“Has he, then?” he said softly, as though to himself. “Why, I wonder?”

“So did I. He’s been riding for some time—distributing pamphlets, evidently.”

I had to scamper after Jamie as I added this; he was already striding down the hill toward the house, tidying his hair as he went. I caught up just in time to brush bits of straw from his shoulders before he reached the yard.

Jamie nodded casually to Mrs. Chisholm and Mrs. MacLeod, who were hoicking steaming bales of wet clothes from the big kettle with paddles and spreading them on bushes to dry. I scuttled along with Jamie, ignoring the women’s accusing stares and trying to look as though I had much more important concerns to deal with than laundry.

Someone had found Husband refreshment; a plate of partially eaten bread and butter and a half-full mug of buttermilk lay on the table. So did Husband, who had put his head on his folded arms and fallen asleep. Adso crouched on the table beside him, fascinated by the bushy gray whiskers that quivered like antennae with the Quaker’s reverberating snores. The kitten was just reaching an experimental paw toward Husband’s open mouth when Jamie nabbed him by the scruff of the neck and dropped him neatly into my hands.

“Mr. Husband?” he said quietly, leaning over the table. “Your servant, sir.”

Husband snorted, blinked, then sat up suddenly, nearly upsetting the buttermilk. He goggled briefly at me and Adso, then seemed to recollect where he was, for he shook himself, and half-rose, nodding to Jamie.

“Friend Fraser,” he said thickly. “I am—I beg pardon—I have been—”

Jamie brushed away his apologies and sat down opposite him, casually picking up a slice of bread and butter from the plate.

“May I be of service to ye, Mr. Husband?”

Husband scrubbed a hand over his face, which did nothing to improve his looks, but did seem to rouse him more fully. Seen clearly in the soft afternoon light of the kitchen, he looked even worse than he had outside, his eyes pouched and bloodshot and his grizzled hair and beard tangled in knots. He was only in his mid-fifties, I knew, but looked at least ten years older. He made an attempt to straighten his coat, and nodded to me, then Jamie.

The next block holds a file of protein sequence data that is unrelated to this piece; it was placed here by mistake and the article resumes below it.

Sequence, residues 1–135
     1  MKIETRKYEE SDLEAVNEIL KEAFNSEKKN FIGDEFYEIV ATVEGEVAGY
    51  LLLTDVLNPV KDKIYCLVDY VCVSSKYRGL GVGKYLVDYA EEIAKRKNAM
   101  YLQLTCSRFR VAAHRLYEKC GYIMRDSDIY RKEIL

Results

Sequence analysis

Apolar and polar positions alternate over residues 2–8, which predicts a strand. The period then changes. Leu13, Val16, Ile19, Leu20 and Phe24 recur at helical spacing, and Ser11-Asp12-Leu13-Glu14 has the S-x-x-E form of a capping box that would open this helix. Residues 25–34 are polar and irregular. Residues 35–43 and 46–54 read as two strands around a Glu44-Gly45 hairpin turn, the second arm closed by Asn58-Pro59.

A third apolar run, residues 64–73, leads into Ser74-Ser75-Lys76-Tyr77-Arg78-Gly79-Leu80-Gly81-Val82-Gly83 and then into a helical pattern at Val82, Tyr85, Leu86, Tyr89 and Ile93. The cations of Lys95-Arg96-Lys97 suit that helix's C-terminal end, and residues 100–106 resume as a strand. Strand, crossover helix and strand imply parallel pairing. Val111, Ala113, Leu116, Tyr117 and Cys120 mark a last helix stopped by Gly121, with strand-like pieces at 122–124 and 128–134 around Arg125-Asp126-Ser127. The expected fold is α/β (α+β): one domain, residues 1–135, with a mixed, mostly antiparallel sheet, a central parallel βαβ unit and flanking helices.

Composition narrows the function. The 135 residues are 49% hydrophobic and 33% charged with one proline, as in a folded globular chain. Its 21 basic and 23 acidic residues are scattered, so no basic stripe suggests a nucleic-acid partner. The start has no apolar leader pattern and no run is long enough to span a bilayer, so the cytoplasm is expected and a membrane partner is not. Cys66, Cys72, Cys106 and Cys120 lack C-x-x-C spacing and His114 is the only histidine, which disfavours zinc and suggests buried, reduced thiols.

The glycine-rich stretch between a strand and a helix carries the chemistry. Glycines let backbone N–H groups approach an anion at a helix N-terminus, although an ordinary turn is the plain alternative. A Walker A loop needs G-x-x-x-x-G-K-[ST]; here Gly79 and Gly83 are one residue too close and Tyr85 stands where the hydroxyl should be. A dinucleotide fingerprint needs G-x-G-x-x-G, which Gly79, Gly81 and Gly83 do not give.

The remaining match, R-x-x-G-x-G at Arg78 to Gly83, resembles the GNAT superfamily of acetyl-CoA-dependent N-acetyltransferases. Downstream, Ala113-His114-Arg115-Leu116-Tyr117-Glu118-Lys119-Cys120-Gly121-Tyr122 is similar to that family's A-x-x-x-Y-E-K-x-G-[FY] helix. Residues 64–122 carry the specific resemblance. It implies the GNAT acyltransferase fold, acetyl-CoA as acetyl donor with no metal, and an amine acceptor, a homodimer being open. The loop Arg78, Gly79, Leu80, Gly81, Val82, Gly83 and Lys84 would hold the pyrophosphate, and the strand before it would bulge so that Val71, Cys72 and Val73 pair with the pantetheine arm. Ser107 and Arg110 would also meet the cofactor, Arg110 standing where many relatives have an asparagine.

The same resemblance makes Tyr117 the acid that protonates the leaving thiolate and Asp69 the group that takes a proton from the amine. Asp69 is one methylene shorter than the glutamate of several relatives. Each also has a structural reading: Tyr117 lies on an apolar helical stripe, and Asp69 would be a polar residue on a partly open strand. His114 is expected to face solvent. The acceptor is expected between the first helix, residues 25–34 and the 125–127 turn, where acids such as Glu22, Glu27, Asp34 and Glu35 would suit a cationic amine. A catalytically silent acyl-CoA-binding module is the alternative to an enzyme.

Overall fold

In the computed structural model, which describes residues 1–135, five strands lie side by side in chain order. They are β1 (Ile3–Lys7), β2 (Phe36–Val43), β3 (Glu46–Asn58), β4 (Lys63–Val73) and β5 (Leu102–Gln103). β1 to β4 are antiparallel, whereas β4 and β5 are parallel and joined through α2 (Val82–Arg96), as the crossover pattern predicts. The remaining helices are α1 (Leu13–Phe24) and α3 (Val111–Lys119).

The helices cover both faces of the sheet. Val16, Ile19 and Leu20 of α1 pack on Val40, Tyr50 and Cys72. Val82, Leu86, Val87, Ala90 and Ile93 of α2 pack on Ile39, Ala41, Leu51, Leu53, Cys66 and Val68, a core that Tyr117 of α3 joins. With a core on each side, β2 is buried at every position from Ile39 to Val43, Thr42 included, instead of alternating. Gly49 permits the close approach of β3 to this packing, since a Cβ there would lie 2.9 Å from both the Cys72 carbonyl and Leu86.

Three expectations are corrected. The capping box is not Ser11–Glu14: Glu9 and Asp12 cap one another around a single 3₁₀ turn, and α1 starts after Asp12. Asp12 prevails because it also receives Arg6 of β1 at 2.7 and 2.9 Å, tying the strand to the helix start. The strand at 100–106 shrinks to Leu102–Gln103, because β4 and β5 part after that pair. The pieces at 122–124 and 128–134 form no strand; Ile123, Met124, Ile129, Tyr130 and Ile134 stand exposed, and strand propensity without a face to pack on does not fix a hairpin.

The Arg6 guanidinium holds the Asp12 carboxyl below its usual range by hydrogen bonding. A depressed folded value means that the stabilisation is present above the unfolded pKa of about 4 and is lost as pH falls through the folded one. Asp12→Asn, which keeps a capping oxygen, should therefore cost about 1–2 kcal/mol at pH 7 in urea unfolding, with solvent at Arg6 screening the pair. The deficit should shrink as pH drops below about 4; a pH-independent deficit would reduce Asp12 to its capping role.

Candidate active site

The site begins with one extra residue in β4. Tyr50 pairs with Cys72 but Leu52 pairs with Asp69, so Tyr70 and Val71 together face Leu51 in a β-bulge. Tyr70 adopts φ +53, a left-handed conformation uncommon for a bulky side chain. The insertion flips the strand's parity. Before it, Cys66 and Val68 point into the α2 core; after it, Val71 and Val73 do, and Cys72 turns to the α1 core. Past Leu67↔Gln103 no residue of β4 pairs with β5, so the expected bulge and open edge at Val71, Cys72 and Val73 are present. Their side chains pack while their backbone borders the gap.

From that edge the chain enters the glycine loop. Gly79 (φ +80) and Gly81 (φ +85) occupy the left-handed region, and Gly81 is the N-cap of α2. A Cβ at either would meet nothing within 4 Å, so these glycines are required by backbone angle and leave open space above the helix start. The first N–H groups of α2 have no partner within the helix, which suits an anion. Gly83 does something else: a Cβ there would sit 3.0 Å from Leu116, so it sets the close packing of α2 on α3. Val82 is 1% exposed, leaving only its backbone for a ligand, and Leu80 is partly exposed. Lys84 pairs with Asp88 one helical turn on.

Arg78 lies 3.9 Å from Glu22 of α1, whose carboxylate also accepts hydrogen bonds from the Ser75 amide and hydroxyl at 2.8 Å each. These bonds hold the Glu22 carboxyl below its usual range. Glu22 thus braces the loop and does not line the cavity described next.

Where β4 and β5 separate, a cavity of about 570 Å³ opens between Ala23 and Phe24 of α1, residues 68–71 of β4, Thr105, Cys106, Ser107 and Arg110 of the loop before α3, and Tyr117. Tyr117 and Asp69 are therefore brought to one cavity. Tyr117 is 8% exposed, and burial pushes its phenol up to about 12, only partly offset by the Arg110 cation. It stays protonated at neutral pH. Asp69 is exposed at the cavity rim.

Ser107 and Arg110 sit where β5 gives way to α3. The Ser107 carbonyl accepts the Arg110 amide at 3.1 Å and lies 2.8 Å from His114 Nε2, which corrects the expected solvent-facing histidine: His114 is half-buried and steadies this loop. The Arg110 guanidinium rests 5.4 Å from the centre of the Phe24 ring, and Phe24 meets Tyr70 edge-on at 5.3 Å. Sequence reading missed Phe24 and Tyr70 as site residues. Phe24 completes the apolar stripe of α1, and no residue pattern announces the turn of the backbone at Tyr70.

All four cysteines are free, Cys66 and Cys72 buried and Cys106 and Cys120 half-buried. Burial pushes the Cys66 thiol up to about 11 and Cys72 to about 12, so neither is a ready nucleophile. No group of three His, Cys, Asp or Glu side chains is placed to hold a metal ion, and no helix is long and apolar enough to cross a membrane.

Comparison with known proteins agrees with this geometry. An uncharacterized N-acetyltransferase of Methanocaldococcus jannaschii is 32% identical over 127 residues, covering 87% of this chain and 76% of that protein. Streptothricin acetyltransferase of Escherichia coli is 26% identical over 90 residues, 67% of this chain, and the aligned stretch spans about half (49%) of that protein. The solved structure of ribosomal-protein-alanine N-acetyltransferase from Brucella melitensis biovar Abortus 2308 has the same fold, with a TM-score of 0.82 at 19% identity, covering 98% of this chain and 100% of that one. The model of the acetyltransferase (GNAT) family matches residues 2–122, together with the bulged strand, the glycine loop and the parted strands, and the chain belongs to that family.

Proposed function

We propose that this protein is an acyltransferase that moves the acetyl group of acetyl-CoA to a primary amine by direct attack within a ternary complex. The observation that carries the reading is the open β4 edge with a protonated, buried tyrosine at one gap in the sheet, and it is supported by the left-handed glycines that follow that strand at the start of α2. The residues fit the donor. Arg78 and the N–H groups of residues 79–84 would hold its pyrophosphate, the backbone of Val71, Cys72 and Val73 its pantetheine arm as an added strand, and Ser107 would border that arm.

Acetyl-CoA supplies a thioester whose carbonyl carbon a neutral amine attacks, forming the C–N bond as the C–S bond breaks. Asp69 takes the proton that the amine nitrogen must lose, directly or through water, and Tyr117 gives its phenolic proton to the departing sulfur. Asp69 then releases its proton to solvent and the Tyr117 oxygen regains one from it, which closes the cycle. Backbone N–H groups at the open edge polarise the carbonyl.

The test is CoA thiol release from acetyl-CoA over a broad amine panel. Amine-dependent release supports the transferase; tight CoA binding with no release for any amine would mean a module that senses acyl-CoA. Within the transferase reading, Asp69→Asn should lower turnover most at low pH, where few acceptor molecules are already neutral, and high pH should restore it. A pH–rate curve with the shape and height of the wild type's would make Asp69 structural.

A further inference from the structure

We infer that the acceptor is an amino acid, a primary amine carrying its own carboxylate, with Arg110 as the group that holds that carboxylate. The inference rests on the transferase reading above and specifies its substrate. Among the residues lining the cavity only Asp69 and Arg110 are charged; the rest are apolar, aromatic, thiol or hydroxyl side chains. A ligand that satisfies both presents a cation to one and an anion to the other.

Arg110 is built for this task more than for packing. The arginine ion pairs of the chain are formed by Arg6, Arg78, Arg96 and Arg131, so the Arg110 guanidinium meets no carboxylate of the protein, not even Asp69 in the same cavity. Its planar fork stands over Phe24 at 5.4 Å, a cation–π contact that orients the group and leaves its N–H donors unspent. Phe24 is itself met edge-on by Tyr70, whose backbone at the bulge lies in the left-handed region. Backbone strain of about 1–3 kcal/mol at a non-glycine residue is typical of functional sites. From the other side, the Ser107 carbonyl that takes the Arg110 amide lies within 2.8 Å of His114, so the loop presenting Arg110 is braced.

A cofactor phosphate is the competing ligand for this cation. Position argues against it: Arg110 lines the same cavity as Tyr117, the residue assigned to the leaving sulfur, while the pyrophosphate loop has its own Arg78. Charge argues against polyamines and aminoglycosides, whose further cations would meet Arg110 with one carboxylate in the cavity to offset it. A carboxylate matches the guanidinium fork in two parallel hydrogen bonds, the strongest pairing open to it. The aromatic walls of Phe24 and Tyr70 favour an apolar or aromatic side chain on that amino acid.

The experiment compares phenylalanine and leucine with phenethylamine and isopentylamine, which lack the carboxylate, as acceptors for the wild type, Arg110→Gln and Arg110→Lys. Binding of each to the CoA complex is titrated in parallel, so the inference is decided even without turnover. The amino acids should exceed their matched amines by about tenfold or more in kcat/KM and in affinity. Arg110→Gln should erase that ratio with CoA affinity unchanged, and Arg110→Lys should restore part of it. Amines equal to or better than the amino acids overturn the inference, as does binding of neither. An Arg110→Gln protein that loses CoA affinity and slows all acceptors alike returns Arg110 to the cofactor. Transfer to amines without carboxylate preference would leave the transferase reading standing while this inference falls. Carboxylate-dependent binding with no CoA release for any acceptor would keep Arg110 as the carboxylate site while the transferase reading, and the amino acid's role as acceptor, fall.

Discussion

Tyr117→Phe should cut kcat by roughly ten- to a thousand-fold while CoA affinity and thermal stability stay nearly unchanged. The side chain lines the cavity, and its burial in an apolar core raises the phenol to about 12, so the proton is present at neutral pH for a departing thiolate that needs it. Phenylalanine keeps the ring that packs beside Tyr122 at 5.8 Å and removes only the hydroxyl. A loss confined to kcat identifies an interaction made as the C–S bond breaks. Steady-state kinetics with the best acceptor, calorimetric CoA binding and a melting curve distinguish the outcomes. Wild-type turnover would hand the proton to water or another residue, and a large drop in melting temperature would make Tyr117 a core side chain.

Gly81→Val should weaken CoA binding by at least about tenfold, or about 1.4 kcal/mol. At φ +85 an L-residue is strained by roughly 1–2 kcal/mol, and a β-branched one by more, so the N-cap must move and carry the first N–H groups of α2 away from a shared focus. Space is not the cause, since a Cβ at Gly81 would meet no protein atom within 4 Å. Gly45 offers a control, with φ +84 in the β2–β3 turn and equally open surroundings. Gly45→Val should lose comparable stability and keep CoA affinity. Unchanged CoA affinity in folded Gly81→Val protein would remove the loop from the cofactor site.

“I thank thee for the hospitality of thy welcome, Mrs. Fraser. And thee also, Mr. Fraser. I have come indeed to ask a service of thee, if I may.”

“Ye may ask, of course,” Jamie said courteously. He took a bite of bread and butter, raising his eyebrows in question.

“Will thee buy my horse?”

Jamie’s eyebrows stayed raised. He chewed slowly, considering, then swallowed.

“Why?”

Why, indeed. It would have been a great deal easier for Husband to sell a horse in Salem or High Point, if he didn’t want to ride as far as Cross Creek. No one in his right mind would venture to a remote place like the Ridge, simply to sell a horse. I set Adso on the floor and sat down beside Jamie, waiting for the answer.

Husband gave him a look, clear and direct for all its bloodshot quality.

“Thee is appointed a colonel of militia, I’m told.”

“For my sins,” Jamie said, bread poised in the air. “Do ye suppose the Governor has given me money to provide mounts for my regiment?” He took a bite, half-smiling.

The corner of Husband’s mouth lifted briefly in acknowledgment of the joke. A colonel of militia supplied his regiment himself, counting upon eventual reimbursement from the Assembly; one reason why only men of property were so appointed—and a major reason why the appointment was not considered an unalloyed honor.

“If he had, I should be pleased to take some of it.” At Jamie’s gesture of invitation, Husband reached out and selected another slice of bread and butter, which he munched gravely, looking at Jamie under thick salt-and-pepper brows. Finally, he shook his head.

“Nay, friend James. I must sell my stock to pay the fines levied upon me by the Court. If I do not sell what I can, it may be seized. And if I will not, then I have no choice save to quit the colony and remove my family elsewhere—and if I remove, then I must dispose of what I cannot take—for what price I may get.”

A small line formed between Jamie’s brows.

“Aye, I see,” he said slowly. “I would help ye, Hermon, in any way I might. Ye ken that, I hope. But I have scarce two shillings in cash money—not even proclamation money, let alone sterling. If there is anything I have that would be of use to ye, though . . .”

Husband smiled slightly, his harsh features softening.

“Aye, friend James. Thy friendship and thy honor are of great use to me, indeed. For the rest . . .” He sat back from the table, groping in the small shoulder bag he had set down beside him. He came up with a thin letter, bearing a red wax seal. I recognized the seal, and my chest tightened.

“I met the messenger at Pumpkin Town,” Husband said, watching as Jamie took the letter and put his thumb beneath the flap. “I offered to carry the letter to thee, as I was bound here in any case.”

Jamie’s brows lifted, but his attention was focused on the sheet of paper in his hand. I came close, to see over his shoulder.

November 22, 1770

Colonel James Fraser

Whereas I am informed that those who stile themselves Regulators have gathered together in some force near Salisbury, I have sent word to General Waddell to proceed thither at once with the militia troops at his disposal in hopes of dispersing this unlawful assemblage. You are requested and commanded to gather such men as you judge fit to serve in a Regiment of Militia, and proceed with them to Salisbury with as much despatch as may be managed so as to join the General’s troops on or before 15 December, at which point he will march upon Salisbury. So far as possible, bring with you flour and other provision sufficient to supply your men for a space of two weeks.